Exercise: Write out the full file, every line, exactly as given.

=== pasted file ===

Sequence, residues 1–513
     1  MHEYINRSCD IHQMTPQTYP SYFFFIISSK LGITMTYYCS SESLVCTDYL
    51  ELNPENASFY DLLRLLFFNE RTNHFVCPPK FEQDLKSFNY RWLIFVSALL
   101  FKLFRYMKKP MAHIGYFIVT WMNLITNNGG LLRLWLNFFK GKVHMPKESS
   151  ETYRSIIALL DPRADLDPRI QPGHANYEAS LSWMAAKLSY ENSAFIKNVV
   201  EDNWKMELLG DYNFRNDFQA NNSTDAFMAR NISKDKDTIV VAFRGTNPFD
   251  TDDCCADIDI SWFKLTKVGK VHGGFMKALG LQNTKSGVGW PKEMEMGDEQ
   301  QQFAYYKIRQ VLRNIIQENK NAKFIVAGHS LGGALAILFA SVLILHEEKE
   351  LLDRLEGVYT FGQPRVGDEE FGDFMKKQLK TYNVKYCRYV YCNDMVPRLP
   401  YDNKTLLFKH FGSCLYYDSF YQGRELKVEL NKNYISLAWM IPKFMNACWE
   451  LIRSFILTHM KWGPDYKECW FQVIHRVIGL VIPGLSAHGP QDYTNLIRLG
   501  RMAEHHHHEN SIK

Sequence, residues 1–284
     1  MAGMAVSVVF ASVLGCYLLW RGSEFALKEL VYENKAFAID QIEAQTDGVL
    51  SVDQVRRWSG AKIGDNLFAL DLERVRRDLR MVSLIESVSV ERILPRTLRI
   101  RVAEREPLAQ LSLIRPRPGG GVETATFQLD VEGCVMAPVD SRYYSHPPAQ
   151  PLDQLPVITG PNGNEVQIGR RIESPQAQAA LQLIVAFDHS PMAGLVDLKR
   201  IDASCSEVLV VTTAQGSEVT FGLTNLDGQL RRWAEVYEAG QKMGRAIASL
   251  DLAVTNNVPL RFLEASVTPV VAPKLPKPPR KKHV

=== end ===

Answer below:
Sequence, residues 1–513
     1  MHEYINRSCD IHQMTPQTYP SYFFFIISSK LGITMTYYCS SESLVCTDYL
    51  ELNPENASFY DLLRLLFFNE RTNHFVCPPK FEQDLKSFNY RWLIFVSALL
   101  FKLFRYMKKP MAHIGYFIVT WMNLITNNGG LLRLWLNFFK GKVHMPKESS
   151  ETYRSIIALL DPRADLDPRI QPGHANYEAS LSWMAAKLSY ENSAFIKNVV
   201  EDNWKMELLG DYNFRNDFQA NNSTDAFMAR NISKDKDTIV VAFRGTNPFD
   251  TDDCCADIDI SWFKLTKVGK VHGGFMKALG LQNTKSGVGW PKEMEMGDEQ
   301  QQFAYYKIRQ VLRNIIQENK NAKFIVAGHS LGGALAILFA SVLILHEEKE
   351  LLDRLEGVYT FGQPRVGDEE FGDFMKKQLK TYNVKYCRYV YCNDMVPRLP
   401  YDNKTLLFKH FGSCLYYDSF YQGRELKVEL NKNYISLAWM IPKFMNACWE
   451  LIRSFILTHM KWGPDYKECW FQVIHRVIGL VIPGLSAHGP QDYTNLIRLG
   501  RMAEHHHHEN SIK

Sequence, residues 1–284
     1  MAGMAVSVVF ASVLGCYLLW RGSEFALKEL VYENKAFAID QIEAQTDGVL
    51  SVDQVRRWSG AKIGDNLFAL DLERVRRDLR MVSLIESVSV ERILPRTLRI
   101  RVAEREPLAQ LSLIRPRPGG GVETATFQLD VEGCVMAPVD SRYYSHPPAQ
   151  PLDQLPVITG PNGNEVQIGR RIESPQAQAA LQLIVAFDHS PMAGLVDLKR
   201  IDASCSEVLV VTTAQGSEVT FGLTNLDGQL RRWAEVYEAG QKMGRAIASL
   251  DLAVTNNVPL RFLEASVTPV VAPKLPKPPR KKHV